There’s no denying that Aliens: Colonial Marines was a hot mess of a flop. From setting high expectations with an E3 demo showing, to literally scrapping everything about that demo and replacing it with a substandard product, it truly was a big let down for a title that claimed it would improve the overall Aliens canon. Now we thought that eventually we would hear what really happened, but of course no apology or explanation was forthcoming from either SEGA or Gearbox. And speaking about Gearbox, it’s very own head, Randy Pitchford, took to Twitter today to defend the title by saying it’s intent was to entertain and while that may be true from the creative standpoint, it certainly didn’t feel that way for the majority of players.

Linking to an article concerning tricks played on consumers with F2P titles, fans were quick to point out the trickery that was used with Aliens: Colonial Marines to get people to buy it.

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Of course it doesn’t stop there. When called out concerning the demo that was shown and saying how exploitative it was, he simply responded with this.

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Taking everything into consideration, didn’t most of these final products end up being better or at least near to their demo showings? Sure there were some differences, but for the most part it wasn’t day and night and none of them felt like a huge regression.

Now to counter Mr. Pitchford’s argument concerning the ‘intent of developers”, lets take a look at their promises for the title.

“What’s interesting is it’s fiction, and sometimes the fiction actually has some mutually exclusive ‘facts.’ We’ve identified some of those and taken them to [20th Century Fox] and been like ‘can we come up with something that makes sense? … what happened to Burke? What happened to Hudson? They’re there, somewhere. They’re all fun play spaces that you get to visit after these events unfolded.” Taken from an early 2011 OXM interview with Randy Pitchford. So did they make with this promise? Somewhat, but mostly no.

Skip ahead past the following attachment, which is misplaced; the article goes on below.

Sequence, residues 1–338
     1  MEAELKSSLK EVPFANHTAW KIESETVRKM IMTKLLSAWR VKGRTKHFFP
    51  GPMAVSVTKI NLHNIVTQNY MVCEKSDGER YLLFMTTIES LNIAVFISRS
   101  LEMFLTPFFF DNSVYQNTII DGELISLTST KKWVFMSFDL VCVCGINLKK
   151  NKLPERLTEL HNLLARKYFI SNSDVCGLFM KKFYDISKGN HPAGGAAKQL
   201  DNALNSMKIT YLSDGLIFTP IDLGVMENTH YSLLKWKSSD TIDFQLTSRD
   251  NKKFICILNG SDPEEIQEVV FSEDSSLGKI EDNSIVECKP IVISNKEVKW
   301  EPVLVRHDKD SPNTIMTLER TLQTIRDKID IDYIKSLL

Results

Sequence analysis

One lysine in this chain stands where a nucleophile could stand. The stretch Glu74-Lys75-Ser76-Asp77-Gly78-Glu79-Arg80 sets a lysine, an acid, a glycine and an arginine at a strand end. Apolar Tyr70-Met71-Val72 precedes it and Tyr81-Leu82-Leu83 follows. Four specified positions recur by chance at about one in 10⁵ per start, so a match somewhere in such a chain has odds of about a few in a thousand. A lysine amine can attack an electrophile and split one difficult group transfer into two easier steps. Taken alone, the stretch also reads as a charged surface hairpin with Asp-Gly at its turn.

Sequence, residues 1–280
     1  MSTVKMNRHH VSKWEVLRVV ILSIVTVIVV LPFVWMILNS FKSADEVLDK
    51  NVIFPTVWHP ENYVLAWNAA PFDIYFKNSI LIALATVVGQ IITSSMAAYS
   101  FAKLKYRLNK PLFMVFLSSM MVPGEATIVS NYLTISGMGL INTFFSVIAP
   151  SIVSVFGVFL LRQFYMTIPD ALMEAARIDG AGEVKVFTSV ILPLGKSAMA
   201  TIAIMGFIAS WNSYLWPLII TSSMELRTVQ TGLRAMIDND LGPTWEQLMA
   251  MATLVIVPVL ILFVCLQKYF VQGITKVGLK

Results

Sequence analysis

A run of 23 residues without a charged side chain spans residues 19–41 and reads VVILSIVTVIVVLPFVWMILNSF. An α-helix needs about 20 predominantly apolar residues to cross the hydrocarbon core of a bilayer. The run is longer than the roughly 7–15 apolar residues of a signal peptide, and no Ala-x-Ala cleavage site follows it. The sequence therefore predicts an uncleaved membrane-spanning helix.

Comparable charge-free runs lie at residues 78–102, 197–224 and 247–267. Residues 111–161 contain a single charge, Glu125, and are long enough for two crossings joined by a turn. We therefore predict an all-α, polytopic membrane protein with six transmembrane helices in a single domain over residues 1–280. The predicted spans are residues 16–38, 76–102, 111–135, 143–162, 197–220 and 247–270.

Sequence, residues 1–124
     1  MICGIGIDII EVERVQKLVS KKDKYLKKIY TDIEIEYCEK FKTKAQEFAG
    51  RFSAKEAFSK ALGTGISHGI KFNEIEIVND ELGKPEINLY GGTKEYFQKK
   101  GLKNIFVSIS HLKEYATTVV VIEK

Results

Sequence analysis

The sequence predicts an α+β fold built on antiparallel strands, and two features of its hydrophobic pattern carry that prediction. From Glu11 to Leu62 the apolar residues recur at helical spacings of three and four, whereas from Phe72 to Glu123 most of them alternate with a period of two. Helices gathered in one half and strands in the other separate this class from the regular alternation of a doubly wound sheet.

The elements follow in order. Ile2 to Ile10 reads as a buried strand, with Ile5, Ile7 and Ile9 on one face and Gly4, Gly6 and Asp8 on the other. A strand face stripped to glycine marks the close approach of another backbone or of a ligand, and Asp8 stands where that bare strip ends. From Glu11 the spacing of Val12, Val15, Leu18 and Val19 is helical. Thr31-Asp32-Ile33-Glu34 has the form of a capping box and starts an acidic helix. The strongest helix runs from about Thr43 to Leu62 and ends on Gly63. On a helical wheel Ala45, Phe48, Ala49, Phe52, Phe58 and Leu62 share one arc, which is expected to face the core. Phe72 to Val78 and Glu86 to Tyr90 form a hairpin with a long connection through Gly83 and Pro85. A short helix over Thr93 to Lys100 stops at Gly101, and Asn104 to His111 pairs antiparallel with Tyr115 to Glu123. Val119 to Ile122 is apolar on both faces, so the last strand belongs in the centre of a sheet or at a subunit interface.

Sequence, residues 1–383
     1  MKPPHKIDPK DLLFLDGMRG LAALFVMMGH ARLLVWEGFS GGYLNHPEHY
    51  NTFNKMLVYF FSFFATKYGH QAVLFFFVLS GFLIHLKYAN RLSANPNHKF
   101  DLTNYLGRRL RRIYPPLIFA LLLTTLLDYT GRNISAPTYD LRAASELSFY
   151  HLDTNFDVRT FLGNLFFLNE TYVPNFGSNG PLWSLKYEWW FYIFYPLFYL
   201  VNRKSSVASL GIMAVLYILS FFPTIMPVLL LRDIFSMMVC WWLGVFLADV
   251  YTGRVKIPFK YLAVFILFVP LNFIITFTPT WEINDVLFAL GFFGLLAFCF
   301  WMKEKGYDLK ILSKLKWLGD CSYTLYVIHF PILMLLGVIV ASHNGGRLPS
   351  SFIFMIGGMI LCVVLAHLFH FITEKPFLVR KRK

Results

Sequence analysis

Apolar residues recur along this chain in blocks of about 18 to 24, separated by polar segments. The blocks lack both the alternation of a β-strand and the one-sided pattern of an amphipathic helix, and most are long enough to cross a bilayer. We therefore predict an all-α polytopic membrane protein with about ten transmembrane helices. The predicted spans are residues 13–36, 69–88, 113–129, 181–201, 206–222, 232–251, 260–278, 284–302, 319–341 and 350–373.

“Sequel we all wanted”“After this game, Alien 3 is a better film,” he told Joystick in a 2012 interview. We all know how the story turned out for this game. Besides revealing that Hicks is still alive (HOW!!!!), the game left players with more questions than Alien 3 did. Nothing about that film was answered, and nowhere to be found was any clarification on even its own newly created plot threads. Nothing in the Aliens canon was resolved, progressed or even marginally enriched by the product that Gearbox put forth.

Gearbox promised us the pinnacle of “fan service”. They made it clear throughout every written and spoken interview that their intent was clearly to deliver us a game that would fix the issues presented by the third film. However, when it came time to deliver on that promise, it turned out that virtually all of their promises and stated intentions had been nothing but so much hyperbole. Ever since its release back in February, rumors have been flying that Gearbox itself barely even worked on Aliens: Colonial Marines, but instead outsourced it to numerous smaller developers so that they could focus entirely on their Borderlands cash cow.

At the end of the day, despite all of their interviews and promises for a true canon sequel to Aliens, the fans instead received an ugly, buggy, unfaithful and insultingly bad blemish on their favorite franchise. So isn’t this in fact a form of exploitation, when you spend more time crafting a dubious web of broken promises than you do actually creating the game at hand? As for Mr. Pitchford, I’d just like to say that having good intentions at the outset of a project is quite easy, but it’s maintaining those intentions while executing them with artistry and business savvy that has completely eluded the scope of you and your studio’s abilities. It is for that failing that you have been held to the fire, not your so-called “good intentions”.

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